Plot: What’s it about?
Bucum (Ice Cube) is a skip tracer, which involves tracking down people who skip out on bail and turning them over to the authorities. This kind of work lands him a nice fee and in the field of bounty hunting, few have a better track record than Bucum. His latest target is a smalltime conman named Reggie (Mike Epps), whom Bucum has had to round up a couple times before. But this time proves to be much different, as the chase leads them out to a warehouse and inside this place, a large scale criminal deal is in progress. A diamond scam is unfolding right in front of them, which of course, catches the attention of both men. But Reggie is having some troubles of his own, as his girlfriend Gina (Eva Mendes) purchased the winning ticket in the lottery, but in the chase, he lost it and has to keep his eyes peeled. Bucum has plans to end the scam himself, instead of waiting for the police to do so, but if he wants to handle the situation, he’ll need Reggie’s assistance. But can these two find a way to even tolerate each other, let alone work together well enough to pull off a complex operation like this one?
As with most films from rap superstars, All About the Benjamins looked pretty dismal from the previews, but I took a chance on it. The reason I went to the theater on this was Mike Epps, who has several performances I’ve enjoyed, although perhaps not in good movies. So I had little expectations, I just wanted to see Epps in his usual form and see some decent stuff, a blend of action and humor, as per the trailers. While Epps and Ice Cube have some solid presence together, All About the Benjamins turns out to be another flat movie, one that isn’t all that bad, but never flashes much on the good side, either. The banter between the two leads is fun at times, as Epps plays off Ice Cube well, but the rest of the performances fall short. As we should know, the plot is predictable and doesn’t veer much from the caper movie norms, but it never seems too tired either, thanks to the back and forth of Epps and Ice Cube. I’d recommend this movie to fans of the two actors, but outside of that demographic, I doubt All About the Benjamins will find much of an audience. If you’re a fan however, New Line’s superb Platinum Series disc is more than worth the cash.
As I said above, the sole reason I went to the theater for this film was the presence of Mike Epps. I know Epps is by no means even a well known performer, let alone a box office draw, but his previous efforts had entertained. As such, I went out to see if All About the Benjamins would continue that trend and to extent, Epps is able to salvage a solid effort. The material here is not that good to begin with, so Epps is held back from the start and when first time director Kevin Bray mishandles his tasks, it makes it even harder for Epps to entertain. But Epps does well enough in most scenes, though some instances simply fall flat, but these are due to the limits of the material & direction, not Epps’ skills. Other films with Epps include Next Friday, How High, 3 Strikes, Bait, and Dr. Dolittle 2. The cast also includes Ice Cube (Anaconda, Ghosts of Mars), Tommy Flanagan (Gladiator, The Saint), Anthony Michael Hall (The Breakfast Club, Weird Science), and Eva Mendes (Urban Legends: Final Cut, Exit Wounds).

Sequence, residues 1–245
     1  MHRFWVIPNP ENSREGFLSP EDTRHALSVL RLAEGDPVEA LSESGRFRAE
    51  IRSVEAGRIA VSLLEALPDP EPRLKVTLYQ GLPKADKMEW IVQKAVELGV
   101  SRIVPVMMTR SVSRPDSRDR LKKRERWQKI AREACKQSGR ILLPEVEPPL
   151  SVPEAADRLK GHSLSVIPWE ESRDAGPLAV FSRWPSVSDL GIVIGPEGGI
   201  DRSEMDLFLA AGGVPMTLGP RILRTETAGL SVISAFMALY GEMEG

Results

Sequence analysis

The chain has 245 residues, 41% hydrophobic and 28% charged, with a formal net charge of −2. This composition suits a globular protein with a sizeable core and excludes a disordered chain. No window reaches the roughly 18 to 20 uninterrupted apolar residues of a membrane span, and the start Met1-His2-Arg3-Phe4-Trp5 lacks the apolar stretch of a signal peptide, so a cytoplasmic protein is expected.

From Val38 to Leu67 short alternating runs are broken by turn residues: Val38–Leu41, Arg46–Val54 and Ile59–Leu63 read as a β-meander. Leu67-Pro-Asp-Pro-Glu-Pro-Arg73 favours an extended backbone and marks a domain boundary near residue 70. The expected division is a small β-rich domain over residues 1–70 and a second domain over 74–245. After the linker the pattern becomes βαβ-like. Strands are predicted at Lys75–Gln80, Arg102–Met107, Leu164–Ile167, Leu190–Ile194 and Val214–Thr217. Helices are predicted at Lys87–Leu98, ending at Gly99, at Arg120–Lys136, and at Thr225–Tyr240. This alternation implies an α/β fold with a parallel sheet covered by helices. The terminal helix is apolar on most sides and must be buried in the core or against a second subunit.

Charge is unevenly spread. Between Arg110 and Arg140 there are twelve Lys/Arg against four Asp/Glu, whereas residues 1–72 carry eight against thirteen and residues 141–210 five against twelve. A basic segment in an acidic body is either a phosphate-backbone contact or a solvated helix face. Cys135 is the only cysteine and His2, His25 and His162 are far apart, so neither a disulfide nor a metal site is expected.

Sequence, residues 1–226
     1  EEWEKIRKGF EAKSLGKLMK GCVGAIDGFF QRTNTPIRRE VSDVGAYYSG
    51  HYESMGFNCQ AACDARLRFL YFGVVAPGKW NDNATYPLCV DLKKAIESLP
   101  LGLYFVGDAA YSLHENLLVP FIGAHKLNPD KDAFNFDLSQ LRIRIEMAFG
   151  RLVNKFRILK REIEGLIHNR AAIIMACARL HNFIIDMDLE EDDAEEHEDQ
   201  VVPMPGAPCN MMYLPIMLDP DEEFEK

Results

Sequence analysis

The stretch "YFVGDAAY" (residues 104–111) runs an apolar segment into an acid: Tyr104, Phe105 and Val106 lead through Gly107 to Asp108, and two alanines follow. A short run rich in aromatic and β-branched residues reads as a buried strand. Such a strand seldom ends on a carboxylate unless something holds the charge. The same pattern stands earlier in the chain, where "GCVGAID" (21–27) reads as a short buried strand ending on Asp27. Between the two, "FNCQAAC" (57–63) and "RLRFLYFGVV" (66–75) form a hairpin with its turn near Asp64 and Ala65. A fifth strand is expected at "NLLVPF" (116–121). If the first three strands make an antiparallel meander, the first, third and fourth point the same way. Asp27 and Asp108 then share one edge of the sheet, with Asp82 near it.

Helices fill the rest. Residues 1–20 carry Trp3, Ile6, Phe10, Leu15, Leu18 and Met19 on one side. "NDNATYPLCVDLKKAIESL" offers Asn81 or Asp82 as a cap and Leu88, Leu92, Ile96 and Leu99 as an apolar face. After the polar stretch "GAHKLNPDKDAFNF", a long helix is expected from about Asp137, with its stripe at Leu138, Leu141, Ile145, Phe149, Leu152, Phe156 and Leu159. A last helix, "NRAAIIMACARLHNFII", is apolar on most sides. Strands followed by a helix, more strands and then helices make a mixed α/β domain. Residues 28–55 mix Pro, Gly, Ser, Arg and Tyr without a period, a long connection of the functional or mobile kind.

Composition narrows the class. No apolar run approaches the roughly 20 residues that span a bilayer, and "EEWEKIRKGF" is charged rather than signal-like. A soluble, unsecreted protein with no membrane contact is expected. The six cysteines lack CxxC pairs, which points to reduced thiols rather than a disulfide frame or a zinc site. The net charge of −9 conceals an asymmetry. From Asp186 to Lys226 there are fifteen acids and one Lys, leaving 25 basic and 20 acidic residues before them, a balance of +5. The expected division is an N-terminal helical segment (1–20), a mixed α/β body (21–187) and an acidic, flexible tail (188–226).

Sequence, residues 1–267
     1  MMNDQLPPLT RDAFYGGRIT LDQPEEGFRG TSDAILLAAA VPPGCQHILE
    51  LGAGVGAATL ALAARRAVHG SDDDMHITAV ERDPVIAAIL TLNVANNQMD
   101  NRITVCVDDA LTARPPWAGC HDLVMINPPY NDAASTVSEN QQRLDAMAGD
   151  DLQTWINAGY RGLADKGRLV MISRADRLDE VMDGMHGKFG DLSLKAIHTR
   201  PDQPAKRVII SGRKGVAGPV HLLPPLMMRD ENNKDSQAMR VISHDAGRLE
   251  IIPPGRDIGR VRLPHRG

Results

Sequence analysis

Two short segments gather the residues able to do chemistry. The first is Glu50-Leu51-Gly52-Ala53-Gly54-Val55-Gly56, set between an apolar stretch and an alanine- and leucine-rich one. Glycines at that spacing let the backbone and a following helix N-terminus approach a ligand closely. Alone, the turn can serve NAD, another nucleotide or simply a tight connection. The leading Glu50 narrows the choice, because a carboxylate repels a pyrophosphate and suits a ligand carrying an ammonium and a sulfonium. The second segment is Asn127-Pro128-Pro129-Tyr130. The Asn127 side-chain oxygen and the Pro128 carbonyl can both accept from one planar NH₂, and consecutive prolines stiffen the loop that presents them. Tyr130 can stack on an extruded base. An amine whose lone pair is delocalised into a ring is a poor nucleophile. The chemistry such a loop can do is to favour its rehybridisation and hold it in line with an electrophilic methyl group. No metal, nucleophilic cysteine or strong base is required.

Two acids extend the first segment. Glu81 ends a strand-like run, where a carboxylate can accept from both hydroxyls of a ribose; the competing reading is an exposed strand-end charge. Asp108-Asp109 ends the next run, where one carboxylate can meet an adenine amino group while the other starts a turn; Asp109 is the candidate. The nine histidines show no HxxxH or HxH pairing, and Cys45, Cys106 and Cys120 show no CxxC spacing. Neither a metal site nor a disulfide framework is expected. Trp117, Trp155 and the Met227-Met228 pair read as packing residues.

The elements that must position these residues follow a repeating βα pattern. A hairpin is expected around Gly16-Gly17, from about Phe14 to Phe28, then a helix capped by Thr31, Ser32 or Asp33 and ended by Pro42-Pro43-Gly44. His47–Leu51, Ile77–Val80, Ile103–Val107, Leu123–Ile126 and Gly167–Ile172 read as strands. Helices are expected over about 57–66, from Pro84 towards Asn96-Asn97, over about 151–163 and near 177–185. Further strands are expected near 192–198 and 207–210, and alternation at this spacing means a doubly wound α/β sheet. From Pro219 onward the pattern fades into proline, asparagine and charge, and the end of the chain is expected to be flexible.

Video: How does it look?
All About the Benjamins is presented in a 2.35:1 anamorphic widescreen transfer. New Line is well known for their blockbuster visual presentations and as such, it is no surprise that this one looks awesome. The print is in excellent condition, as a newer release should be and in truth, I could find little to complain about here. The colors leap off the screen at times, but never seem too rich, while flesh tones remain natural and consistent. No issues with contrast either, as the black levels look top notch and no visible detail loss is evident. In other words, chalk up yet another superb effort from New Line with this release.
Audio: How does it sound?
I wasn’t expecting much from the audio on this disc, but the included Dolby Digital and DTS 5.1 soundtracks offered a terrific experience. Its nice to see a DTS track from New Line and this one is a very good one, although it draws just about even with the Dolby Digital counterpart here, save for a few instances. The more action driven scenes showcase the sound system very well, with ample use of all the speakers, in creative & effective fashion. Not a knockout mix per se, but one that makes great use of the channels and provides an active, immersive experience. The dialogue is a shade low in a couple scenes, but usually sounds clean and easy to understand. This disc also includes a 2.0 surround option, as well as English subtitles.
Supplements: What are the extras?
As with most Platinum Series releases, this one houses a number of extras, including an audio commentary track with director Kevin Bray and producer Matt Alvarez. The two offer a less than interesting session however, as a lot of silence can be heard and when comments are given, they’re not often too worthwhile. A few nice stories come up, but on the whole, this track proves to be a let down. A selection of four brief featurettes focus on music video directors who move to the big screen, the film’s production design, the stunts seen in the picture, and a more general look behind the scenes. These are worth a look, but with a total running time of under forty-five minutes, don’t expect much depth in these featurettes. This disc also includes some production notes, talent files, Trina music video, a deleted scene, a short, but not too humorous gag reel, and the film’s theatrical and teaser trailers.